To effect a tooth restoration a dentist utilizing a dental burr 10, as described will make a cut or test trough 20 accross the tooth 19 preferably just above the crest of the gingival tissue to the prescribed depth "D" as determined by the distance "L" of the particular burr head 10 used. This may be done labially and lingually. Because of the flat bottom surface 13 and the depth determined by the stop flange 14, the dentist can quickly and automatically effect such test cut or trough 20 quickly and accurately to the desired depth; so as to provide for the optiomal porcelain veneering which should be of a thickness of 1 mm., axially and 1.5 mm. incusally and occlusally. A lesser thickness of procelain could create problems in obtaining a satisfactory color, and a greater thickness could result in a structural weakness within the porcelain that could result in cracking, either during the restoration or subsequent thereto. Therefore, it is essential that the depth of the test cut or trough be precise.
Once the precise depth of the test cut or trough 20 has been determined, the remainder enamel portion of the tooth 19 structure can be readily removed by the dentist to a precise degree by ready reference to the depth of the test cut or trough 20. Best seen in FIGS. 5 and 8, the precise amount of the tooth structure 19 has been reomved so as to allow for the optimal porcelain to metal thickness to be obtained.
In FIGS. 5 and 8, the enamel of the tooth 19 has been removed to the depth of the cut or trough 20 which extends down to the dentin structure of the tooth. FIGS. 6 and 9 illustrate the porcelain to metal crown 25 properly positioned over the prepared tooth 19 as herein described.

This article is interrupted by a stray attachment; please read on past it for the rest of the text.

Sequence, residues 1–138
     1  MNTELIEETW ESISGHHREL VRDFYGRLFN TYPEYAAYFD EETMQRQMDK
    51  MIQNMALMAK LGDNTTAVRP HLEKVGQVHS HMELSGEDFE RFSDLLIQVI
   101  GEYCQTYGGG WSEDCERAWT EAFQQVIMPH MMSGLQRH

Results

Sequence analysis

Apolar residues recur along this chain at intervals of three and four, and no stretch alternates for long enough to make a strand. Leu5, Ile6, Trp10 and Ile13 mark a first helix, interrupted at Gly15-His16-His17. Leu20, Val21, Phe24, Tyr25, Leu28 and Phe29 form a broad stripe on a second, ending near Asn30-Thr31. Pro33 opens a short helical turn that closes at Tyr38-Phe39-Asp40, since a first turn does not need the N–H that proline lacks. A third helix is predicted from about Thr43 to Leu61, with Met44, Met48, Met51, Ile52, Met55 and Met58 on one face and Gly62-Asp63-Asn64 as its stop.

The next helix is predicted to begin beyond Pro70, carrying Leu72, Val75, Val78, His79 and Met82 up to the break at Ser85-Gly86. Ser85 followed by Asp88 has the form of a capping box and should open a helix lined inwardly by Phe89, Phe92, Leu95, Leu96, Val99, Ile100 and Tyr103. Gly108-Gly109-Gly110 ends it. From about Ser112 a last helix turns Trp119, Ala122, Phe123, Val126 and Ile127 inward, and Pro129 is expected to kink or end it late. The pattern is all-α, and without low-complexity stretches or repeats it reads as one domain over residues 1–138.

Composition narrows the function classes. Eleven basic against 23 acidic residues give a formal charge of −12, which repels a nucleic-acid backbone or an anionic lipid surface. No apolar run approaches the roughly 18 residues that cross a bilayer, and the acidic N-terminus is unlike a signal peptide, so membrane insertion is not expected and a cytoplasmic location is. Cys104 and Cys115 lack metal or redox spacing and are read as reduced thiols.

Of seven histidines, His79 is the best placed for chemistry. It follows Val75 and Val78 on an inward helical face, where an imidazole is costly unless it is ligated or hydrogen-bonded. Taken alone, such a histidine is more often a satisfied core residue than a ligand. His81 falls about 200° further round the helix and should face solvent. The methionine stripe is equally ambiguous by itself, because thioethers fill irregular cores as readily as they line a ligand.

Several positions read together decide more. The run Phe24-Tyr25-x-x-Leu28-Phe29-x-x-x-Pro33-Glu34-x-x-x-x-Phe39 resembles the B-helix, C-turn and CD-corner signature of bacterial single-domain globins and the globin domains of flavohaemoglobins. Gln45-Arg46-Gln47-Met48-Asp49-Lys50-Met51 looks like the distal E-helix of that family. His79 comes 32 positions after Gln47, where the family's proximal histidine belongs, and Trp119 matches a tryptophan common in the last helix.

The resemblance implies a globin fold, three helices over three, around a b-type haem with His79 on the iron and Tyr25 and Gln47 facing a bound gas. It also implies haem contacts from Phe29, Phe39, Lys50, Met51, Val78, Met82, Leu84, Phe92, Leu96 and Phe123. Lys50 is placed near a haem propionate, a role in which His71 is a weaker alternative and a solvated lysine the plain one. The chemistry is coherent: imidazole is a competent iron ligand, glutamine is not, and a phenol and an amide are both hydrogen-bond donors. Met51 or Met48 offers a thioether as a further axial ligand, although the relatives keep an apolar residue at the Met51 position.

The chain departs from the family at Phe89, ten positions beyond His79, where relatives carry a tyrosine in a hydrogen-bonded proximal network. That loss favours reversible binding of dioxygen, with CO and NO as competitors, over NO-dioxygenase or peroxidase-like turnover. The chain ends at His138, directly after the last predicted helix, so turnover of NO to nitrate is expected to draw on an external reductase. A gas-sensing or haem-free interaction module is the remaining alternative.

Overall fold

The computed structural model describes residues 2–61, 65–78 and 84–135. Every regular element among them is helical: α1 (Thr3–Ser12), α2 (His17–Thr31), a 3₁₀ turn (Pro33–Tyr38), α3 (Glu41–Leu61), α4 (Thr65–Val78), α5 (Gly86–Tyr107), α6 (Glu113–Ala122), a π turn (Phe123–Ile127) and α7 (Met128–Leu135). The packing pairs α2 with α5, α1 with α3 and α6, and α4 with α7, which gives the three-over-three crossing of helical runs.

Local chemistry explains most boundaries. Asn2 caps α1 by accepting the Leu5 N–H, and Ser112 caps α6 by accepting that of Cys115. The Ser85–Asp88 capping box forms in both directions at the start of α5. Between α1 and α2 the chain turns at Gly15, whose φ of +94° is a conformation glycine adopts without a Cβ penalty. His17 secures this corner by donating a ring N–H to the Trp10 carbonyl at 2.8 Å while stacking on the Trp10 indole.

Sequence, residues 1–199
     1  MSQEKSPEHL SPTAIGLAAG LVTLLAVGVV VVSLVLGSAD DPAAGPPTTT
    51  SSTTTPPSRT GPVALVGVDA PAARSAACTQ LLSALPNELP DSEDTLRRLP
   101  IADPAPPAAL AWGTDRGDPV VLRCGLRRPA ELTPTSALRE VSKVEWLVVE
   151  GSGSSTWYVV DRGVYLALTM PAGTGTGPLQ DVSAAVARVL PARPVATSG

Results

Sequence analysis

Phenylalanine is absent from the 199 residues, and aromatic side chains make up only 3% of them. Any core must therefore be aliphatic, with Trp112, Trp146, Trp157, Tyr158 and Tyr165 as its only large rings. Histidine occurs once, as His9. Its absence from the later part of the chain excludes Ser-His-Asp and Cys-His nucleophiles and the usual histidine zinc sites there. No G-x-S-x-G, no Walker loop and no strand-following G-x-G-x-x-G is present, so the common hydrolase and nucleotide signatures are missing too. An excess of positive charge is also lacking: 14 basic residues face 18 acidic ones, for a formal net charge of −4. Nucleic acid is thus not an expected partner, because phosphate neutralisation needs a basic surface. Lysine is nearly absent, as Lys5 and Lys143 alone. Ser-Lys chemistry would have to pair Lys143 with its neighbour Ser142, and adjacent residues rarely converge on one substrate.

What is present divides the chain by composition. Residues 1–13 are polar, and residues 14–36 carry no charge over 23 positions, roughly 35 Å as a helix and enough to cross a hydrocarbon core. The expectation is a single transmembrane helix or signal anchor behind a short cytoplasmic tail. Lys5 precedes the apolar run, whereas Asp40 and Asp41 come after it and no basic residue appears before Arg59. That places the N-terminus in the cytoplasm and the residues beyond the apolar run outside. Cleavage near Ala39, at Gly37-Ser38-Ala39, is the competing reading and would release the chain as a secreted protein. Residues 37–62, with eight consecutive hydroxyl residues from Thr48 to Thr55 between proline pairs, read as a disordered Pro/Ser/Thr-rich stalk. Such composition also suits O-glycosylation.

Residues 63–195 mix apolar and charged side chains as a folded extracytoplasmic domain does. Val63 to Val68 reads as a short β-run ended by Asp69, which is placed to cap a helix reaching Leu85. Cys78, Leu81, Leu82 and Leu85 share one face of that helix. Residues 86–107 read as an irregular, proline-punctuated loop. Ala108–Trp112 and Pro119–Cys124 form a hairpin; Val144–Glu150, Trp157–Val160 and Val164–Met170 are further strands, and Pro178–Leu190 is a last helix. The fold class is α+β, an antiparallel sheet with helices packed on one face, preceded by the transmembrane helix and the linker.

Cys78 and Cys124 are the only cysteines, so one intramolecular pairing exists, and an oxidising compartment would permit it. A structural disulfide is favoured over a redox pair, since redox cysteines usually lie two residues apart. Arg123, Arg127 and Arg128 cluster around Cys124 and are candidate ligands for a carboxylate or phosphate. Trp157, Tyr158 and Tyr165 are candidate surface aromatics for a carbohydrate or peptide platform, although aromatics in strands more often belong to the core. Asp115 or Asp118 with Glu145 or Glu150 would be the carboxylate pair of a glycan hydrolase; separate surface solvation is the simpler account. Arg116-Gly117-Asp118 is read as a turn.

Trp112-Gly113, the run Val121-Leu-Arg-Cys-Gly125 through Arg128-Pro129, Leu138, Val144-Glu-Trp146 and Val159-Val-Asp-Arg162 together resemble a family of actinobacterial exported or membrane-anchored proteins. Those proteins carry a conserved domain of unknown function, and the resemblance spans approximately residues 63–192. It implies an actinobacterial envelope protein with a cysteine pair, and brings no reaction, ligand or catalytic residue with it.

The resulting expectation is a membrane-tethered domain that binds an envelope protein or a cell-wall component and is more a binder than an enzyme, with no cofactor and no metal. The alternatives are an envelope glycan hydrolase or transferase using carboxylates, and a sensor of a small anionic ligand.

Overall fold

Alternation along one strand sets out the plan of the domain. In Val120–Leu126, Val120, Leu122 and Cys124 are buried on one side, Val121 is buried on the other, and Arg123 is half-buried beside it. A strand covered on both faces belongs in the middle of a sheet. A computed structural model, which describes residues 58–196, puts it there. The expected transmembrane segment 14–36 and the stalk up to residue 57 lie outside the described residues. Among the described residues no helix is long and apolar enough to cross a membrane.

FIG. 2 illustrates a modified burr construction. In this embodiment the construction of the burr 30 is identical to that described with respect to FIG. 1 except that the burr head 31 is coated with diamond chips to provide a diamond abrading surface. In all other respects the construction and operation of burr 30 is similar to that of FIG. 1.
FIG. 3 illustrates another embodiment of a dental burr 40. This embodiment is identical to that of FIG. 2 except that the flange 41 is detachably connected to the shank portion with a threaded portion 41A to which the flange 41 can be threaded and unthreaded relative thereto. It will be understood that the threaded portion 41A is spiraled in a direction opposite to that of the rotation of the burr 40. By effecting the removability of the stop flange 41, the burr 40 may be used as a conventional burr when the flange is removed, and with the flange 41 attached can be used to effect a porcelain to metal restoration as herein described.
It will be understood that the flange 14 of burr 10 may also be detachably connected as described with respect to FIG. 3.
While the invention has been described with respect to several particular embodiments thereof, it will be readily understood and appreciated that variations and modifications can be made without departing from the spirit or scope of the invention.